Atomic Energy Commission
The Atomic Age started on July 16, 1945, when there was a successful ignition of the “Gadget” at the Trinity Test in New Mexico. That was the period after the end of World War II when the future of the wartime Manhattan Project was unclear due to various difficulties regarding production plants, laboratories, and the administrative offices were scattered across thirteen states. Even the employment levels had dropped drastically at the Manhattan Project sites.
The Atomic Energy Act of 1946
Especially when the World War II ended and after the bombings of Hiroshima and Nagasaki, many atomic scientists spoke more freely about the problems associated with nuclear development. So, in November 1945, they created the Federation of Atomic Scientists and started working towards civilian control of nuclear research and production. Many scientists also proposed during this time that there needed to be increased international cooperation and control of nuclear weapons.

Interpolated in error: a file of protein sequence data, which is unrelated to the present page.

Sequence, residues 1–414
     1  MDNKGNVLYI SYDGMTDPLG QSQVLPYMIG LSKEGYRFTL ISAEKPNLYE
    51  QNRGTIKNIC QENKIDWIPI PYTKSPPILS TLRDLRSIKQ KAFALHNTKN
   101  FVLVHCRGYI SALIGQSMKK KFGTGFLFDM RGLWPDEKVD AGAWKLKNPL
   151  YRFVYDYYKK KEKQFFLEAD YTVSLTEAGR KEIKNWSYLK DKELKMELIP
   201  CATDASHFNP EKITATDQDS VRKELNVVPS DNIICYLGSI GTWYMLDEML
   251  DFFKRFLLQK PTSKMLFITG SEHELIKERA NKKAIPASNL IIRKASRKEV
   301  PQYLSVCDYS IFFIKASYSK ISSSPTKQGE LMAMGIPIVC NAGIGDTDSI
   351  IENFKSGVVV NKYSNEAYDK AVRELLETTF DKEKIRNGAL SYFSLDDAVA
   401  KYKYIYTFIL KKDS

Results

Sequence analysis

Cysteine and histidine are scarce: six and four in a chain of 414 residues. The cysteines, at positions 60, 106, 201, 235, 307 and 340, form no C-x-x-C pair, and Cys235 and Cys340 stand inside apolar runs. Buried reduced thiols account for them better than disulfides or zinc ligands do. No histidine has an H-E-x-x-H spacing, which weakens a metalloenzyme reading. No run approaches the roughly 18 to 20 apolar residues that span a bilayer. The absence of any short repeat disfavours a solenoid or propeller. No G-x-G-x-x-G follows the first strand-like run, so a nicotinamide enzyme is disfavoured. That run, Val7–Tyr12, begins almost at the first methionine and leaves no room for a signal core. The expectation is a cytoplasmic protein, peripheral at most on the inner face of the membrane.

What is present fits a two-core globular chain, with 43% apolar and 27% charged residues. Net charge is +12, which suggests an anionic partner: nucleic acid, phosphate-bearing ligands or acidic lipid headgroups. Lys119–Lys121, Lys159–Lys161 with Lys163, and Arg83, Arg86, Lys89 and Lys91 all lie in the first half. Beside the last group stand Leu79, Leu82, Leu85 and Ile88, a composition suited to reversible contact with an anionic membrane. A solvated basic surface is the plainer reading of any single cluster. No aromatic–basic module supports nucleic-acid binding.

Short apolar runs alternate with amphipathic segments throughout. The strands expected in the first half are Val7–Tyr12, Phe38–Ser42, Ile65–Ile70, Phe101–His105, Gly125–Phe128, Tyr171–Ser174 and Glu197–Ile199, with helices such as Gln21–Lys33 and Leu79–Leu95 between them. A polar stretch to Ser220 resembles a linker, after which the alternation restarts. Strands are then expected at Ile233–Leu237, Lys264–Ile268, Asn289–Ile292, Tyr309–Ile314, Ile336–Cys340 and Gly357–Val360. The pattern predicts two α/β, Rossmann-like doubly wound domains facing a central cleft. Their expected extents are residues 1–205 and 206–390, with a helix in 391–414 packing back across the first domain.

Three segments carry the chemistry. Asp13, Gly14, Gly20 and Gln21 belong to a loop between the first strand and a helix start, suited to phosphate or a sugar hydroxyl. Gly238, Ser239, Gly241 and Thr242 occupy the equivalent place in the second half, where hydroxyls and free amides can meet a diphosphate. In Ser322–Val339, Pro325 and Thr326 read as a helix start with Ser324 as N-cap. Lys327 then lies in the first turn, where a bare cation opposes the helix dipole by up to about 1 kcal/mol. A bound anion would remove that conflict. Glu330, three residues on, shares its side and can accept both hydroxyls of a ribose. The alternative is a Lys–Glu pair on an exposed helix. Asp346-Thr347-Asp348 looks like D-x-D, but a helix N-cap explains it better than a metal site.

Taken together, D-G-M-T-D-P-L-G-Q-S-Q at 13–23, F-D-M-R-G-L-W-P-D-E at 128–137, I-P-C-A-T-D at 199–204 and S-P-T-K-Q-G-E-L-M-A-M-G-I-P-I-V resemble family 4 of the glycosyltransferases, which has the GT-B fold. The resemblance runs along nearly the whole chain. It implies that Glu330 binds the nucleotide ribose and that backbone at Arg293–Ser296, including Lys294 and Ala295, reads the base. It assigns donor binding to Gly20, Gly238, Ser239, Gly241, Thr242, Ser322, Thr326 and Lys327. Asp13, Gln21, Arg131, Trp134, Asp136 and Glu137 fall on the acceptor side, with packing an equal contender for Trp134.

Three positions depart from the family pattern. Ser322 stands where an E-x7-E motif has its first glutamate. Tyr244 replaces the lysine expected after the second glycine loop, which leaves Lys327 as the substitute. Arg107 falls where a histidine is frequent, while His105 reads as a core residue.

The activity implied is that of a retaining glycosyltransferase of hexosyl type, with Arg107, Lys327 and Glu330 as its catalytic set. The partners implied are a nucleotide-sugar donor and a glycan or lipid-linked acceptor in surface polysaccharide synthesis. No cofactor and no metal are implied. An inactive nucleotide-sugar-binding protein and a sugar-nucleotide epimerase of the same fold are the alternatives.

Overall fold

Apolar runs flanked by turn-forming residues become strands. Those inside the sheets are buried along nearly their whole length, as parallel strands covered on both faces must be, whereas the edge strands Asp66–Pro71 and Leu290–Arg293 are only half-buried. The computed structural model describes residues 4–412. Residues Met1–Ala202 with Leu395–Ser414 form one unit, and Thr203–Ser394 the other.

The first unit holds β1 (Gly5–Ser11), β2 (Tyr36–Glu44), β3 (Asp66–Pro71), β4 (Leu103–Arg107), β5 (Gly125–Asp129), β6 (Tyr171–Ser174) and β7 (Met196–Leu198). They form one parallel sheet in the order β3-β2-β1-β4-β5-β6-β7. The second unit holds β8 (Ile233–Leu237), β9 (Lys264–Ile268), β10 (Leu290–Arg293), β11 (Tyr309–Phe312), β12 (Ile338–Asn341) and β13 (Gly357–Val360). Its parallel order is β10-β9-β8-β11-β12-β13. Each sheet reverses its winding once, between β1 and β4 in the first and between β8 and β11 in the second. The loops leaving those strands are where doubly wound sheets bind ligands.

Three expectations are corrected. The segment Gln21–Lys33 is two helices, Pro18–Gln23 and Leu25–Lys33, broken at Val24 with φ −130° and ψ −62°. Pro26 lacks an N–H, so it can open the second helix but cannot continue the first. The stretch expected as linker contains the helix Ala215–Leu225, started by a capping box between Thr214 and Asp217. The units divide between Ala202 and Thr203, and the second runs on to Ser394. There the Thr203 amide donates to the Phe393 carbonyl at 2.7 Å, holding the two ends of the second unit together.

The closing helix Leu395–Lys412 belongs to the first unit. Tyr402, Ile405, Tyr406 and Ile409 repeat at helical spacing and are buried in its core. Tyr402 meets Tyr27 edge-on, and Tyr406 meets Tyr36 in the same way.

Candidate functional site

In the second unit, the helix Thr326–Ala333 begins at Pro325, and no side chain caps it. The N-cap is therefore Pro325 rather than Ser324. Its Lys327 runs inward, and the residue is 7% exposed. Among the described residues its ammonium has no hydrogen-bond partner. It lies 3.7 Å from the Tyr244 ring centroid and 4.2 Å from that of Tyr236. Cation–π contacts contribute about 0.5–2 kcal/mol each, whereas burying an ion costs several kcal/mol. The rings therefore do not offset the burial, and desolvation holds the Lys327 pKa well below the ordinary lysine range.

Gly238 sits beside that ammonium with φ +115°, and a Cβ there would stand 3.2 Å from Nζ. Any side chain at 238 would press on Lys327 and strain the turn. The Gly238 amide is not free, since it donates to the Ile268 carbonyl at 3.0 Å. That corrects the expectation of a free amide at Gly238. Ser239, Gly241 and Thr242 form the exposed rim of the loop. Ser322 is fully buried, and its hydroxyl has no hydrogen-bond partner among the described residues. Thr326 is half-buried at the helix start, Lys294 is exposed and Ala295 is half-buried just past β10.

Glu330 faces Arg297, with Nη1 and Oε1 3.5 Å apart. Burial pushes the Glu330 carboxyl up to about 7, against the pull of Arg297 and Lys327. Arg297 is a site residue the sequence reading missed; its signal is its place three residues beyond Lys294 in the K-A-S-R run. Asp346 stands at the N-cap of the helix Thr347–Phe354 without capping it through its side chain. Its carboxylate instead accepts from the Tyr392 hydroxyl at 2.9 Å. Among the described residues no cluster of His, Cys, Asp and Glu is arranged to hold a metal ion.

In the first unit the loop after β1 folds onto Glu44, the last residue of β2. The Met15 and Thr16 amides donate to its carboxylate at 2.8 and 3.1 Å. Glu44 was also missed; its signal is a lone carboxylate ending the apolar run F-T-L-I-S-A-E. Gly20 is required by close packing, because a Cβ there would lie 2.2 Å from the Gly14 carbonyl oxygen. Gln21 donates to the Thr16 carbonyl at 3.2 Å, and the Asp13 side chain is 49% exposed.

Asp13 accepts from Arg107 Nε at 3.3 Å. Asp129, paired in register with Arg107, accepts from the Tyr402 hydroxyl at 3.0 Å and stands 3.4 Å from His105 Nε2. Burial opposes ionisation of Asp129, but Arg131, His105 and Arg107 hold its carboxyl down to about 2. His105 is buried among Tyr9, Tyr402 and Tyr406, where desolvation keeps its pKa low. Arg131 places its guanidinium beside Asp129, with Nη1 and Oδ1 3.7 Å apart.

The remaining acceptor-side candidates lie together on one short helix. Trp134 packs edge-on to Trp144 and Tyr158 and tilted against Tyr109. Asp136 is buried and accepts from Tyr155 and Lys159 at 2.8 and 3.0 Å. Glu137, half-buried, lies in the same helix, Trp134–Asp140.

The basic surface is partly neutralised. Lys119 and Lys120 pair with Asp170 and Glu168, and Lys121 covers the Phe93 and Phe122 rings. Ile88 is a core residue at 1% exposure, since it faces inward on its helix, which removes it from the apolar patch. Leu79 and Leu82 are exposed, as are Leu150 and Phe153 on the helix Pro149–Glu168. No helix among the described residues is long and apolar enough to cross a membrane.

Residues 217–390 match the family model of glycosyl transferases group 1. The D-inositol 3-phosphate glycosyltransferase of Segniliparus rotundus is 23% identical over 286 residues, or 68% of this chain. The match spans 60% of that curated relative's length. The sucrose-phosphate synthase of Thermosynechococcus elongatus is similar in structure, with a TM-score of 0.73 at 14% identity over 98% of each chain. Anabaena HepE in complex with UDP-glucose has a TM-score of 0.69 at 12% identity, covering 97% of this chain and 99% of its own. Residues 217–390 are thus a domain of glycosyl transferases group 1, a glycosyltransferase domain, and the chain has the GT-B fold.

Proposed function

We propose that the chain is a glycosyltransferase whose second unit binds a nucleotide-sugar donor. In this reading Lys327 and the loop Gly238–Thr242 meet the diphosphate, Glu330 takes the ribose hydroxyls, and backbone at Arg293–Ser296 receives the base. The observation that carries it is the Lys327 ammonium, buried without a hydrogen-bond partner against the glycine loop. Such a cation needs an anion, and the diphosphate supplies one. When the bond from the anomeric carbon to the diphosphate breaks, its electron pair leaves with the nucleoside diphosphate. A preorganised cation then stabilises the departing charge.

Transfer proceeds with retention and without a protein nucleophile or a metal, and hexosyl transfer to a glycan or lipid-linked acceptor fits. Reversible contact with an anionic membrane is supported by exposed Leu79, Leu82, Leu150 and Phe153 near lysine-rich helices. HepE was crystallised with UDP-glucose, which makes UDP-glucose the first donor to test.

Congress eventually came up with a bill written by Senator Brien McMahon that later became the Atomic Energy Act, also known as the McMahon Act, which was passed in July 1946. The bill was about creating the Atomic Energy Commission, a civilian committee that would have five members, one of whom would be the chairman and also act as a spokesperson. The AEC took over the responsibility of United States nuclear development from the Manhattan Engineer District.
With the help of atomic scientists, McMahon had initially proposed that the military control of the AEC should be cut altogether, much to the frustration of General Leslie Groves. Groves also tried to convince Senator Arthur Vandenberg for submitting an amendment that comes up with a “military liaison board” to the AEC. This would result in the creation of a Military Liaison Committee (MLC) that had representatives chosen by the president. The MLC would be kept in the loop about all the AEC decisions and had the power to make recommendations, but did not have any final authority. There were many amendments made to ensure strict security measures for secrecy.
The Atomic Energy Act was signed into law by President Harry S. Truman on August 1, 1946, which officially formed the Atomic Energy Commission.
Atomic Energy Commission, (AEC)